Spring 1943 • Vol. V No. 2 Book Reviews |

Gibbs and the Age of Power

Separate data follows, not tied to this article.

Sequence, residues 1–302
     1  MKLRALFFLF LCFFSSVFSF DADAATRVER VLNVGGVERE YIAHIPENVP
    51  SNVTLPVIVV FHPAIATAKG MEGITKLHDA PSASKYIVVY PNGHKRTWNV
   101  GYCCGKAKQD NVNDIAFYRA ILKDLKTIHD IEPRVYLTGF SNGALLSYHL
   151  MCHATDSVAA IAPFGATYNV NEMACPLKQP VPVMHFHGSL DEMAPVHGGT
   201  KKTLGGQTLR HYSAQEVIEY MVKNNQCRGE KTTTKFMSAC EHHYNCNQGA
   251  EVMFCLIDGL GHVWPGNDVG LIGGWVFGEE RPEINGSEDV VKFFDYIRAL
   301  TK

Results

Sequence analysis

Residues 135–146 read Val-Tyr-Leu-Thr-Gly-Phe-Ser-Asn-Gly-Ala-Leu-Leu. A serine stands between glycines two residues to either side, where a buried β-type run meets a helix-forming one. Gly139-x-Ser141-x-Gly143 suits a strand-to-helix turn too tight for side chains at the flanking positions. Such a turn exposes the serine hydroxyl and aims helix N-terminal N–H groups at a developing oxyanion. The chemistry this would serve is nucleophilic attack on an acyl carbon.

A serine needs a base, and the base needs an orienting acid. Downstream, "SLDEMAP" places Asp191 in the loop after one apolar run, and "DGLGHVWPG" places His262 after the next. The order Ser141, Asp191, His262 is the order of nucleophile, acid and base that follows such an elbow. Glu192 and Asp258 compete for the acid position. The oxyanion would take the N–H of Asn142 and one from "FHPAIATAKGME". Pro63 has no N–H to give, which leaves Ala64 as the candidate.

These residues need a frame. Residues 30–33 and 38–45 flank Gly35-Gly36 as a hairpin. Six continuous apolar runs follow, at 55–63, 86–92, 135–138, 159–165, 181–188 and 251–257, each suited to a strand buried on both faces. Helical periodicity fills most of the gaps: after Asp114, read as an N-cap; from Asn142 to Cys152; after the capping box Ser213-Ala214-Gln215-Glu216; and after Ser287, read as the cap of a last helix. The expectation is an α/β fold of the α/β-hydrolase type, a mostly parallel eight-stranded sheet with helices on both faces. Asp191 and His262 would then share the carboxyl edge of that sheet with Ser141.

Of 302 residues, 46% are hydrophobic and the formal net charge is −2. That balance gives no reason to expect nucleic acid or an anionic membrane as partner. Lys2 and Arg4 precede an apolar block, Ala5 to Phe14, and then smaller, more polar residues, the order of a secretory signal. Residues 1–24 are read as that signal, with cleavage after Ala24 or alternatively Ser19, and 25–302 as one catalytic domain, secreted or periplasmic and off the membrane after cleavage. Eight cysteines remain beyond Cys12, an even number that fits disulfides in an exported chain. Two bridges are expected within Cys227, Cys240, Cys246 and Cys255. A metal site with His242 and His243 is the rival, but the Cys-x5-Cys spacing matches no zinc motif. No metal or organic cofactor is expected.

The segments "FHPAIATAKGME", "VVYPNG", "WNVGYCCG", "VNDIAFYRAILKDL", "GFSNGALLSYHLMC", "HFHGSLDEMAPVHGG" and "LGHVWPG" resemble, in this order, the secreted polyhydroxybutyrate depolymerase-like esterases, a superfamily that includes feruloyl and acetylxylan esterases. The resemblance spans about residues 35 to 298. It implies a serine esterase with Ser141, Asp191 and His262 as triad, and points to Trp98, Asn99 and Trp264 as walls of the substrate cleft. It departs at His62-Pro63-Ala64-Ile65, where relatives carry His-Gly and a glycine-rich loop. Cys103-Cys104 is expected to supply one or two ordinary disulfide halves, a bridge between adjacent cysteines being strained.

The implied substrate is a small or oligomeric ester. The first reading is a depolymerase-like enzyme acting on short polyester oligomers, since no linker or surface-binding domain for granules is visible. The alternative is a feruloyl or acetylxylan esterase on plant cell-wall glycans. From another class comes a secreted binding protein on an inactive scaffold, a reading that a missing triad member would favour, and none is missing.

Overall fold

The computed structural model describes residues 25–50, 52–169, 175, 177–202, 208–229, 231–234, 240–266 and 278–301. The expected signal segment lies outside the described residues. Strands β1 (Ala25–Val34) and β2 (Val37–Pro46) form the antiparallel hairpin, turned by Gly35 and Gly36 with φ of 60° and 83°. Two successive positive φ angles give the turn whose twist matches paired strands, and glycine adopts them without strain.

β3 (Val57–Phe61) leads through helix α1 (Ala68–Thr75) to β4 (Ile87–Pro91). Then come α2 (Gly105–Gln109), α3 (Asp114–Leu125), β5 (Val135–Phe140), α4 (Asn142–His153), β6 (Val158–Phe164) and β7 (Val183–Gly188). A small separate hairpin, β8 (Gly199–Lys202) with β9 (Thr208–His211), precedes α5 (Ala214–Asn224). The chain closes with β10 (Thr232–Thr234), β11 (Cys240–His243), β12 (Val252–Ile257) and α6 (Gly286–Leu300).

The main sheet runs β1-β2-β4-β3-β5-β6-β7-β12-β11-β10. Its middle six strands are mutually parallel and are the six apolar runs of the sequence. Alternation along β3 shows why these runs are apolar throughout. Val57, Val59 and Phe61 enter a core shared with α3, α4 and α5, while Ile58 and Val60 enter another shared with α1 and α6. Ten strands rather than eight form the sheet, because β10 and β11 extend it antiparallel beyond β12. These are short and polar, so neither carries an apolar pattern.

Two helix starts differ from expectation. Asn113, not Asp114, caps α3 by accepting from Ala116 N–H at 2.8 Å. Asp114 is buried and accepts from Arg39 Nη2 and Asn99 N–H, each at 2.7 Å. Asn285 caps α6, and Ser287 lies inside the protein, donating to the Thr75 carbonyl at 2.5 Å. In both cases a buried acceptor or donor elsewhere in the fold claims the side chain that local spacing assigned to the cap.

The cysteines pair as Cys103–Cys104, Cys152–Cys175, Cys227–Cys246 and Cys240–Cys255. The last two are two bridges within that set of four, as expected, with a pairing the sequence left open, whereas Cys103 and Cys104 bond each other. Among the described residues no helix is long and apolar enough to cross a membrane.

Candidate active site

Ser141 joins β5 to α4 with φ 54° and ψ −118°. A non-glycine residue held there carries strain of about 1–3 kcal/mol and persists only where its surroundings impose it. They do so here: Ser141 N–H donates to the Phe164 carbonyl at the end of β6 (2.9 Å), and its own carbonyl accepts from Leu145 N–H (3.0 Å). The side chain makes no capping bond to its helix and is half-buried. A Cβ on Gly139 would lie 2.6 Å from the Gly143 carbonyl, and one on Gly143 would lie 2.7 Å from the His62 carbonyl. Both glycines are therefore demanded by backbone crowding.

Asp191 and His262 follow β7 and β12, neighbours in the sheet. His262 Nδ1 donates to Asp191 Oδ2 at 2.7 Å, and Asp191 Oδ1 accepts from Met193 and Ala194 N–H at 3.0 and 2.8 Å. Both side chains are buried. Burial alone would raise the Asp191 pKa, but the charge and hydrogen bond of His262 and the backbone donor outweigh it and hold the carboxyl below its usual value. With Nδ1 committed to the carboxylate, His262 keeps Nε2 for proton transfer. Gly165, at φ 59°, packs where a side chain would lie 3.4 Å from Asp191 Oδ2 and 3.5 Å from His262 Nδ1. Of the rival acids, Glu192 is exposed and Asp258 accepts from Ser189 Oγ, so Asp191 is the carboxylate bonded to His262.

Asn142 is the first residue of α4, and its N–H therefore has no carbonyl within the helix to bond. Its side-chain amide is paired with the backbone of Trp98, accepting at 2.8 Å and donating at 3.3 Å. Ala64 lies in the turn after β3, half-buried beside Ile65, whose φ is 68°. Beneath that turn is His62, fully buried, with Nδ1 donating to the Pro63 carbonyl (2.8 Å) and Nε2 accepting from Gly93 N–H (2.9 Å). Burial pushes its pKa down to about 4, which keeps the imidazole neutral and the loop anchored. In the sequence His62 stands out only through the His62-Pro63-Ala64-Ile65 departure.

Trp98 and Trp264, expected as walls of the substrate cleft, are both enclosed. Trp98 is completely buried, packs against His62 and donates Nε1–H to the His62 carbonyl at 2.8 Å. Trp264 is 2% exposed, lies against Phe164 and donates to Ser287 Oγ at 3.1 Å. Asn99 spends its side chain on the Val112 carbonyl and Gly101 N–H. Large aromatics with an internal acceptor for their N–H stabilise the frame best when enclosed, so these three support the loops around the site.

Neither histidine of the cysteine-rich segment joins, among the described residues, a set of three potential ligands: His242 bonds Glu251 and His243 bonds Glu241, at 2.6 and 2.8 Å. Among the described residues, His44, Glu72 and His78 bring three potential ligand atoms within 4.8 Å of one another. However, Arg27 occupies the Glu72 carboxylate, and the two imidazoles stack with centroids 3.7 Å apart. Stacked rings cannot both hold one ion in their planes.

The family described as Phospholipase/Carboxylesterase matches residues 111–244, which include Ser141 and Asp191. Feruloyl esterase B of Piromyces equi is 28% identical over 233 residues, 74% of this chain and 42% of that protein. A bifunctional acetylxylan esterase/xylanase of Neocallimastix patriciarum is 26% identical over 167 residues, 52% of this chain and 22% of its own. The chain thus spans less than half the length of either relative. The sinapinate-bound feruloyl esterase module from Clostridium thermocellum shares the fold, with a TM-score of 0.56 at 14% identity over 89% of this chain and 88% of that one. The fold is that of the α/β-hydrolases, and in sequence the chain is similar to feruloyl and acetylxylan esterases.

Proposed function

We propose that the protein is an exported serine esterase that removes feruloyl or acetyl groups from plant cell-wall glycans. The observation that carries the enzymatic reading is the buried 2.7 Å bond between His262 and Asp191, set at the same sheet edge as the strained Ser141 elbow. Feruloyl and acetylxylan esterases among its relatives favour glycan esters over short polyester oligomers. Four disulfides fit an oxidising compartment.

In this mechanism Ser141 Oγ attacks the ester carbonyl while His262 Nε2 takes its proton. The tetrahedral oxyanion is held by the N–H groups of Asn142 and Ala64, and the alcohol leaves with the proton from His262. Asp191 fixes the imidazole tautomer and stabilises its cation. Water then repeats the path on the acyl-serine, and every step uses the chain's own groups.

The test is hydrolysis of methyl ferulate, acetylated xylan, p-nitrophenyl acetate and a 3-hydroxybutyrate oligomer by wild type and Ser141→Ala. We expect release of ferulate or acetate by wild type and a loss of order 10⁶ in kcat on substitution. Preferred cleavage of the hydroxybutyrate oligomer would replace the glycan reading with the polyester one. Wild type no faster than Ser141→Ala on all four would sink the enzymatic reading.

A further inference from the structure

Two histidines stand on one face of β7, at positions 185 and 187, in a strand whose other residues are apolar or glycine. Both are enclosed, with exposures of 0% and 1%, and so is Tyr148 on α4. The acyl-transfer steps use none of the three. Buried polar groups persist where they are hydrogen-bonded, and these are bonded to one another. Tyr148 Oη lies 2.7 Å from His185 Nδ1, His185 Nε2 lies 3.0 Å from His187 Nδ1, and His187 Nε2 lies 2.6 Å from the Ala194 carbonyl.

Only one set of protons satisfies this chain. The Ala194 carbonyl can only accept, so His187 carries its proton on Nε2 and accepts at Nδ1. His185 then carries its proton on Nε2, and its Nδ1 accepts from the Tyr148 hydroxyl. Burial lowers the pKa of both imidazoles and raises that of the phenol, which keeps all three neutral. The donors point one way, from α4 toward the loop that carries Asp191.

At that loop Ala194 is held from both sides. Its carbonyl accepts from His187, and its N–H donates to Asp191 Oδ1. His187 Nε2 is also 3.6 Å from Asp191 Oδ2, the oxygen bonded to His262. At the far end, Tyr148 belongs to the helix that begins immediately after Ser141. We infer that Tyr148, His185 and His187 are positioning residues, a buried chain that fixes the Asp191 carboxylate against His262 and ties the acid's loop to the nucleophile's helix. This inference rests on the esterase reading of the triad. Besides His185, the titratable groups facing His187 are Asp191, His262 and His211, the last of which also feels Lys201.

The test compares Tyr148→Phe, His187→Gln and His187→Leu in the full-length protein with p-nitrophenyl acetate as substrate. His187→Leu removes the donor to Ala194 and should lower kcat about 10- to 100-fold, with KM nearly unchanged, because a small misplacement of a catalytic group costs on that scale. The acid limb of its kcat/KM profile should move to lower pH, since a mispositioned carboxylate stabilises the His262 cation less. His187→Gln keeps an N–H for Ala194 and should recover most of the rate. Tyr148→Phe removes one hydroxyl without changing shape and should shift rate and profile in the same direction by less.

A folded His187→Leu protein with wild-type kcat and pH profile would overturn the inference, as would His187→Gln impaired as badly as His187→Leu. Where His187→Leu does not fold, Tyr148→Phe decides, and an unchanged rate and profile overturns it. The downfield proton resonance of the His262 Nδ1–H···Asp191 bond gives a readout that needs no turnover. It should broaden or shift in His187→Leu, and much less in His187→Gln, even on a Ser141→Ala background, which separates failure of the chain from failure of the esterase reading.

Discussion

Willard Gibbs by Muriel Rukeyser. Doubleday Doran. $3.50. Both before and after writing this book, Miss Rukeyser has received for her intrepidity a number of slaps on the wrist—and even, from a particularly malicious reviewer, one in the face. That a young woman poet should be so bold as to do a full-length intellectual biography of a neglected mathematical physicist, an abstruse man who still has terrors for specialists, obviously proved her a hussy and the book no good. Mr. Joseph Wood Krutch, for example, calling upon oneiromancy after skimming a few chapters, was sure that her thesis could be none other than "Euclid alone has looked on beauty bare." Instead of finding a priori reasons why a young woman poet should be interested in a mathematical physicist, a safer procedure would be to read the book. Miss Rukeyser nowhere says or implies that Gibbs was a great poet. She does say that a high type of imagination is required for creative work in pure science, and she cite

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